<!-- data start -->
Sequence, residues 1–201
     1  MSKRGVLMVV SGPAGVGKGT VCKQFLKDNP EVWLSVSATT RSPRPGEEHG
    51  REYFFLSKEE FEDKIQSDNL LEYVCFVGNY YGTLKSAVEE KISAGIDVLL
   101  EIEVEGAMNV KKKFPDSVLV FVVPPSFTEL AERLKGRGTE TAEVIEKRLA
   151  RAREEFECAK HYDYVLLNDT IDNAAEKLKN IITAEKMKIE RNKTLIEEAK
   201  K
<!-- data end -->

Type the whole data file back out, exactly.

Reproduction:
Sequence, residues 1–201
     1  MSKRGVLMVV SGPAGVGKGT VCKQFLKDNP EVWLSVSATT RSPRPGEEHG
    51  REYFFLSKEE FEDKIQSDNL LEYVCFVGNY YGTLKSAVEE KISAGIDVLL
   101  EIEVEGAMNV KKKFPDSVLV FVVPPSFTEL AERLKGRGTE TAEVIEKRLA
   151  RAREEFECAK HYDYVLLNDT IDNAAEKLKN IITAEKMKIE RNKTLIEEAK
   201  K